IFAD hosts the Platform for Agricultural Risk Management (PARM), a G20 initiative that brings a comprehensive risk management approach and process, where risks in agriculture are assessed, prioritized and tackled in a structured way.

PARM provides technical support to developing country governments to support them in moving away from a culture of coping with disasters towards a smart management of risk.

PARM is also home to two technical assistance initiatives focused on agricultural and climate risk insurance that support IFAD’s portfolio: INSURED (Insurance for Rural Resilience and Economic Development) and Managing Risks for Rural Development: Promoting Microinsurance Innovations (MRRD).

The power of microfinance and remittances

IFAD-supported projects increase access to financial services and loans, so that small-scale producers can invest in their businesses and increase their productivity.

As one of the leading microfinance funders worldwide, IFAD's ongoing investments in rural finance at 31 December 2017 was around US$1.14 billion. Approximately 13 per cent of our ongoing investment portfolio is dedicated to rural finance.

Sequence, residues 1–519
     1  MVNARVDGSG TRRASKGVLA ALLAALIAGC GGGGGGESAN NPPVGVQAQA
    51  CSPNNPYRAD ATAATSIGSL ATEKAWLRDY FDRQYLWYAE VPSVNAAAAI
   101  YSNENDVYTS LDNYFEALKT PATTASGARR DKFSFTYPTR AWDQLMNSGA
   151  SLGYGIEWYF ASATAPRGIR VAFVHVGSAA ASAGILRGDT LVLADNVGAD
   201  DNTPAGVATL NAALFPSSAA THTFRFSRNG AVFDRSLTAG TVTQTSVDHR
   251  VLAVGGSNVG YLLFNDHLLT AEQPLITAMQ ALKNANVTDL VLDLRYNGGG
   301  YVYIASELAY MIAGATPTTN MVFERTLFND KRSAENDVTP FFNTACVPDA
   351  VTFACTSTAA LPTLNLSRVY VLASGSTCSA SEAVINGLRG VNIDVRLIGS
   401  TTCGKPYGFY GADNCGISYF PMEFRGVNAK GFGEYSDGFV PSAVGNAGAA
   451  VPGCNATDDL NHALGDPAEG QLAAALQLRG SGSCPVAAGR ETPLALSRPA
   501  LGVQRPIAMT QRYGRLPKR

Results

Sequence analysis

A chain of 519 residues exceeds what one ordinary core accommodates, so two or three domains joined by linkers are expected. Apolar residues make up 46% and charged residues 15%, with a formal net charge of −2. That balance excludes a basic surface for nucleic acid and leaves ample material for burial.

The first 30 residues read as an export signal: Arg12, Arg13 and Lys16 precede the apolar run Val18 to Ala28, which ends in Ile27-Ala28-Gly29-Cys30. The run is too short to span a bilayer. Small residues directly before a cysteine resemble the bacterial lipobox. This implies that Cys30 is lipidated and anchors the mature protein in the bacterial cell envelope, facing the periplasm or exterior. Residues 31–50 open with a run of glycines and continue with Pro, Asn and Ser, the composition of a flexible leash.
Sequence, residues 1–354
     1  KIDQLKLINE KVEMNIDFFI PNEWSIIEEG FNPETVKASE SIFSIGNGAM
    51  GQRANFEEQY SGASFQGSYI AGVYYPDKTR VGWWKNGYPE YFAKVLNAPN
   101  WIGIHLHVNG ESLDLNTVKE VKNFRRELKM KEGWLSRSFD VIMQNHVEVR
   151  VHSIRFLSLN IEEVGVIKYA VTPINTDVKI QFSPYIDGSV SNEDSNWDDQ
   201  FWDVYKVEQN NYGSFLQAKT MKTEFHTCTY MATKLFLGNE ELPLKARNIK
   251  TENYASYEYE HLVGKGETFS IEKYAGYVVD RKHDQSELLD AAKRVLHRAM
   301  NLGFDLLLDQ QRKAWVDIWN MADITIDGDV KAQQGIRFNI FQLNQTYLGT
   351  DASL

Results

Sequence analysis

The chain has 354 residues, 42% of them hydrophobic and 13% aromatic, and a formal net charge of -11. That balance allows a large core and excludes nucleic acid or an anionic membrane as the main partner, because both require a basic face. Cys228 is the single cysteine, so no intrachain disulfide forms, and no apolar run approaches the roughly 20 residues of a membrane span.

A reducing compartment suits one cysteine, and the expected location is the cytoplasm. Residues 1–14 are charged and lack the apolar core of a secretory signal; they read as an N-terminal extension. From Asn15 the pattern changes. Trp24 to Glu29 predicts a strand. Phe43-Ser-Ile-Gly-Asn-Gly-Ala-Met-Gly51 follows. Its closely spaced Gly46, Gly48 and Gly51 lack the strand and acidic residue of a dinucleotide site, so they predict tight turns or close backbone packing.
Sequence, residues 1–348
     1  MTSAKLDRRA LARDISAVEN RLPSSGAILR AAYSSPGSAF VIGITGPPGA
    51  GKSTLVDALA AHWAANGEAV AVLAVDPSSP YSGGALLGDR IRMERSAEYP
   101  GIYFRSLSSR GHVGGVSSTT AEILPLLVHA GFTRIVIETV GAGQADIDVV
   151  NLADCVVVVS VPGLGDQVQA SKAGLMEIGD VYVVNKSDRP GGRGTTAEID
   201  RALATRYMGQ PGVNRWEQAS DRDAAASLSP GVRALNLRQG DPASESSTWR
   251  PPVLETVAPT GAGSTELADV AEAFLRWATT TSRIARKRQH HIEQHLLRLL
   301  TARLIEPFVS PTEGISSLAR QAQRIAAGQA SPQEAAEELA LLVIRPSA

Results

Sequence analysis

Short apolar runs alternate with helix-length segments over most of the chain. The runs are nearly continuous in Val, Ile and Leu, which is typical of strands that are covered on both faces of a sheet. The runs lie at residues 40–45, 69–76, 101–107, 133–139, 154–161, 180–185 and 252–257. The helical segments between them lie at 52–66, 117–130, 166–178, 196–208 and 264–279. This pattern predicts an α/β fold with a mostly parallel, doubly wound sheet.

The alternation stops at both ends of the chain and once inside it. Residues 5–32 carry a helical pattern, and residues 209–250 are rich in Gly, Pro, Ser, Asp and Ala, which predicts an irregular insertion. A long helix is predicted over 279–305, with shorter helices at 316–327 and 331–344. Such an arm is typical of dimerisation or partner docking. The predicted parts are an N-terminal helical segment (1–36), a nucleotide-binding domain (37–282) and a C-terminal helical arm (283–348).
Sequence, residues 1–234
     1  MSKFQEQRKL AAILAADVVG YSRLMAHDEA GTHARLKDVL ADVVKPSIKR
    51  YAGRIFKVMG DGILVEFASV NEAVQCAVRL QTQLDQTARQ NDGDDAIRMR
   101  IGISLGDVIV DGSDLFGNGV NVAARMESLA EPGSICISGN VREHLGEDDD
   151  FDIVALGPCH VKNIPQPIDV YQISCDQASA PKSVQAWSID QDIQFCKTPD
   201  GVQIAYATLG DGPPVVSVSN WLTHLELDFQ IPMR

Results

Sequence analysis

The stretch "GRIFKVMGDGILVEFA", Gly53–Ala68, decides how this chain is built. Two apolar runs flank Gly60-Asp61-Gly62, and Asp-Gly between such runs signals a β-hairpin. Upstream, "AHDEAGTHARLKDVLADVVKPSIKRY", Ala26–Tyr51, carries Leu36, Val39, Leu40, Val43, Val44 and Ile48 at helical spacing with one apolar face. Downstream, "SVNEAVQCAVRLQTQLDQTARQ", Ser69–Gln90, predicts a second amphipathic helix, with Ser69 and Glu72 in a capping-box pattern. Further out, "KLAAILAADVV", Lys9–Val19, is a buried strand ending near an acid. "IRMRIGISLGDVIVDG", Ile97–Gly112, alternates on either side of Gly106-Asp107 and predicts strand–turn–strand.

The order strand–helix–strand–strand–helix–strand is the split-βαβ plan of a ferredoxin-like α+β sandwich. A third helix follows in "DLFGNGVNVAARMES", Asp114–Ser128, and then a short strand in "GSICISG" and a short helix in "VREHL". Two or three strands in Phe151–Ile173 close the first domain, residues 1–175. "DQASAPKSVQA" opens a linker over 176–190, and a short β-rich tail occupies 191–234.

Remittances are a powerful instrument for fostering financial inclusion and livelihood development in rural communities. Our multi-donor Financing Facility for Remittances (FFR) aims to maximize the impact of remittances on development, and promotes migrants’ engagement in their countries of origin.

In depth

In depth

Insurance

Smallholder farmers and poor rural households are extremely vulnerable to local and global shocks. Agriculture is their main source of food and income, and this is the sector hardest hit by the climate breakdown. 

Remittances and migration

For over a century, people have been moving from rural to urban areas, and across national borders in search of better opportunities. Of the 250 million international migrants, approximately 200 million leave home to work and send remittances home to their families.

Spotlight

Spotlight

Six reasons to focus on small-scale producers at COP26

IFAD believes rural economies and food systems have the potential to become more resilient, sustainable, inclusive – and productive – all at the same time. But to get there, we need to focus our attention and support on the people who make these systems work.